Granville Train Crash

On January 18th, 1977 a commuter train on its way to Granville, a suburb in Sydney, New South Wales, Australia, reached a curve at 78km/h.

The speed limit for the curve in the railway near where it passed under a road bridge was set at 80 km/h, arguably outside the operational envelope as it was 10km/h higher than all other curves in NSW. On top of this, track maintenance was poor.

The locomotive struck and destroyed both stanchions on one side of the bridge. The first two carriages derailed, the other six remaining on the tracks.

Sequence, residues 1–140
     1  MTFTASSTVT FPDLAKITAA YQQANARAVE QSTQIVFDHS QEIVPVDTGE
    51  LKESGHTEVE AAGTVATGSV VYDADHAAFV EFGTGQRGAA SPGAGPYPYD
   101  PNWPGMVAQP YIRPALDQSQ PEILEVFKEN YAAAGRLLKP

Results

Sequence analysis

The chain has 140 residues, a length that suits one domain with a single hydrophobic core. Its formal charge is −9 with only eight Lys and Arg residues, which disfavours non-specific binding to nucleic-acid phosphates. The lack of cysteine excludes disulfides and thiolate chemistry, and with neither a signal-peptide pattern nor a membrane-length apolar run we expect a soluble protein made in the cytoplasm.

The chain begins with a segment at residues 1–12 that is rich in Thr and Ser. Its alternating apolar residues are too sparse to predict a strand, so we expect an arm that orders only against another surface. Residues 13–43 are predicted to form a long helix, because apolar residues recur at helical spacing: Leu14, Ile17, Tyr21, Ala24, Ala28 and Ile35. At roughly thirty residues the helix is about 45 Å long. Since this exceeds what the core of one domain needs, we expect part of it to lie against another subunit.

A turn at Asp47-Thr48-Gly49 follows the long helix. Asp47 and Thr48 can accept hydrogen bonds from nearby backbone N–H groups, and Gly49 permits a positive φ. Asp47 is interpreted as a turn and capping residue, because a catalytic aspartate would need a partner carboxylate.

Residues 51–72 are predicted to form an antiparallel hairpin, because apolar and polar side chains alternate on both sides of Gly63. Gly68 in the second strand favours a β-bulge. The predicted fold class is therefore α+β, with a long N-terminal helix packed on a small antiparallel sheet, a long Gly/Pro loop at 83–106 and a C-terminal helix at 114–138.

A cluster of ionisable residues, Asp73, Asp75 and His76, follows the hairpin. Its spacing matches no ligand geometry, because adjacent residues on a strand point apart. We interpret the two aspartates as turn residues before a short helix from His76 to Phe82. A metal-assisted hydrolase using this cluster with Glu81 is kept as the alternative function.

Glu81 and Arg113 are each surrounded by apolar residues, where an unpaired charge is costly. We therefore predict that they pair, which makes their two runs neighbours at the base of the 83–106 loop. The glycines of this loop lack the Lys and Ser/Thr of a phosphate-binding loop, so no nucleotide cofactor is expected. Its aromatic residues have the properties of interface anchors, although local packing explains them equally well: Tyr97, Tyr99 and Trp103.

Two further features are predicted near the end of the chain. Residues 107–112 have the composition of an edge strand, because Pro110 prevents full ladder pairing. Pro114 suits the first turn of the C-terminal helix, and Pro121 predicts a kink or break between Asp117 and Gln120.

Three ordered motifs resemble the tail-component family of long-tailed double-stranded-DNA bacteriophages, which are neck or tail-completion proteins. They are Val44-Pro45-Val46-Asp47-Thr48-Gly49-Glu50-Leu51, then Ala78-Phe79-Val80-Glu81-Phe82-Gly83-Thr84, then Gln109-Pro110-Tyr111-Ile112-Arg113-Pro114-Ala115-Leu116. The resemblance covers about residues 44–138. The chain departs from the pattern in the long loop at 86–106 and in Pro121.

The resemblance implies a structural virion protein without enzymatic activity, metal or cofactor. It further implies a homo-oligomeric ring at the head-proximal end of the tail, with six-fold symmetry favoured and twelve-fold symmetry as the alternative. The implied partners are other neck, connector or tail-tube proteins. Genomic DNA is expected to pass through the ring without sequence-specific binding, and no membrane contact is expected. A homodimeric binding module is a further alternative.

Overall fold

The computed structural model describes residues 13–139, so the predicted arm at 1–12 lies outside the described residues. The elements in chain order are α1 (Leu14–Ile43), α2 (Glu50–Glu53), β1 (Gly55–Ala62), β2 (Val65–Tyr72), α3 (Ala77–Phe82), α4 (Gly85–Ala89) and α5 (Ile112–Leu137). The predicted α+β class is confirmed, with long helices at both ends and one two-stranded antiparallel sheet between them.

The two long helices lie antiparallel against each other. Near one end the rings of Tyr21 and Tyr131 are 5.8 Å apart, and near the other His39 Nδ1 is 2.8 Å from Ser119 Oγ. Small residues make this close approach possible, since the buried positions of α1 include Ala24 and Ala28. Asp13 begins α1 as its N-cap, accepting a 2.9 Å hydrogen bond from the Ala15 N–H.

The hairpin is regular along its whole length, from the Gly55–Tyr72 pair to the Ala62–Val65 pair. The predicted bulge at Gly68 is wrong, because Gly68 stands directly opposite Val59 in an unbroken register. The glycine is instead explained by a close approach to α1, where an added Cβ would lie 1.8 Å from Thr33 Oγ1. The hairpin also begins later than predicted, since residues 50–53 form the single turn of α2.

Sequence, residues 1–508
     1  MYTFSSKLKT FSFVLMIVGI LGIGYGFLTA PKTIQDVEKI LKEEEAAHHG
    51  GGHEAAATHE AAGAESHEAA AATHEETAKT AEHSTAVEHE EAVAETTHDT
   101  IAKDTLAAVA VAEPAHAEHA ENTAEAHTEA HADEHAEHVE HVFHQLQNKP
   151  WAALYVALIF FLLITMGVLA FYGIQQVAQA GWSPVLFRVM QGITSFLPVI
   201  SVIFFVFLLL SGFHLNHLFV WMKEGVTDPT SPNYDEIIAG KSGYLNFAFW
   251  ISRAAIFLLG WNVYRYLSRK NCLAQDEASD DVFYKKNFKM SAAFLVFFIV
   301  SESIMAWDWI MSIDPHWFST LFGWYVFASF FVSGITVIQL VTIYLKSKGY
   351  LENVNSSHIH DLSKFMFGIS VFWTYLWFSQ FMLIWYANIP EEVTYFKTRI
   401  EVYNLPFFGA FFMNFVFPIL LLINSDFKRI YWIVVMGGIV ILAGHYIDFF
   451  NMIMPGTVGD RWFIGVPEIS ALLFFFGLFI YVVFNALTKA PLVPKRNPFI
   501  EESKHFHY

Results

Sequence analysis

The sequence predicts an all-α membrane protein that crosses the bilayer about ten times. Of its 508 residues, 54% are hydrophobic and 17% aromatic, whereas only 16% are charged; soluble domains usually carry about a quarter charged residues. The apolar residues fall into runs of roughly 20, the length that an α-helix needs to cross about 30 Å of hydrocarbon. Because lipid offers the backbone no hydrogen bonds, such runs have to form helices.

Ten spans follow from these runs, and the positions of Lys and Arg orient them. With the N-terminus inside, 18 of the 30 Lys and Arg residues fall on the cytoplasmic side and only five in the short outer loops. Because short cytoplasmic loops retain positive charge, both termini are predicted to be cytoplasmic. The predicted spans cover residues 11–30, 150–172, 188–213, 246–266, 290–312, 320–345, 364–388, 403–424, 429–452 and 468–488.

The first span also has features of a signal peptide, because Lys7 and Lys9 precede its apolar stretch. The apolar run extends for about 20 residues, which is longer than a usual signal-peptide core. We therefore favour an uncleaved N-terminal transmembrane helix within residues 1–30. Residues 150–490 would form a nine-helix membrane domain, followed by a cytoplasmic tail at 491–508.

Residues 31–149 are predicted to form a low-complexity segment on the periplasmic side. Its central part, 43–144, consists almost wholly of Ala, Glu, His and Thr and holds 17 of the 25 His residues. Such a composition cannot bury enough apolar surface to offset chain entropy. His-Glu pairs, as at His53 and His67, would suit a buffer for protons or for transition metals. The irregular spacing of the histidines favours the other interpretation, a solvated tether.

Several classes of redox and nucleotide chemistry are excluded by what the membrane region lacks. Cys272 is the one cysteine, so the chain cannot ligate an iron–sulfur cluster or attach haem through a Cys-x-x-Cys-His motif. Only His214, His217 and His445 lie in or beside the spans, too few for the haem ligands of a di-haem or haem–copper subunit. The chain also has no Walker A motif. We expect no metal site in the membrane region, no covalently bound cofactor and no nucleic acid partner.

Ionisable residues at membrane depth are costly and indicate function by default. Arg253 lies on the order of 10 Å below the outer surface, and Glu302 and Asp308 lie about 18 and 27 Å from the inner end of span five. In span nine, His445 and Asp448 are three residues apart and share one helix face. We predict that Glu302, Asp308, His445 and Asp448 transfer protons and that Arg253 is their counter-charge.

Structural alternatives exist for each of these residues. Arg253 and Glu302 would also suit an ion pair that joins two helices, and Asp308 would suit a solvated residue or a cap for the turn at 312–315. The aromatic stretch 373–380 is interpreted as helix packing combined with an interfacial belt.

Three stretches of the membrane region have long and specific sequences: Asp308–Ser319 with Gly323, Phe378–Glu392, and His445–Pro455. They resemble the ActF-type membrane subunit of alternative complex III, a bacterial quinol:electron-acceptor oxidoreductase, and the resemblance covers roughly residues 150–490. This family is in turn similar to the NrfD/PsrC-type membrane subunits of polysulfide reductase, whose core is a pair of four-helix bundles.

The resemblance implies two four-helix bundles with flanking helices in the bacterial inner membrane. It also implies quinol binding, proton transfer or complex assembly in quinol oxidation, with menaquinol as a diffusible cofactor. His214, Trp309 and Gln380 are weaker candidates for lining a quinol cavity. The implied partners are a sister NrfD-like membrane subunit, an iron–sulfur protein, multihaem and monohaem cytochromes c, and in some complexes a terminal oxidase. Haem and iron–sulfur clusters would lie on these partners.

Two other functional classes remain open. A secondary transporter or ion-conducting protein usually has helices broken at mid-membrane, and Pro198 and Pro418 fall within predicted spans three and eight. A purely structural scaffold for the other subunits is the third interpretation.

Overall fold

A severed mast caused 8 fatalities in the first carriage. The bridge collapsed onto the third and fourth carriages causing another 75 fatalities. In total, 83 people were killed and 213 injured.


Members of the public sent the driver death threats, although he was cleared of all blame, unlike the driver in the Gare de Lyon crash.


A bridge may have been in accordance with the inherent safety principle of simplification, but a level crossing would have gone against the principle of attenuation.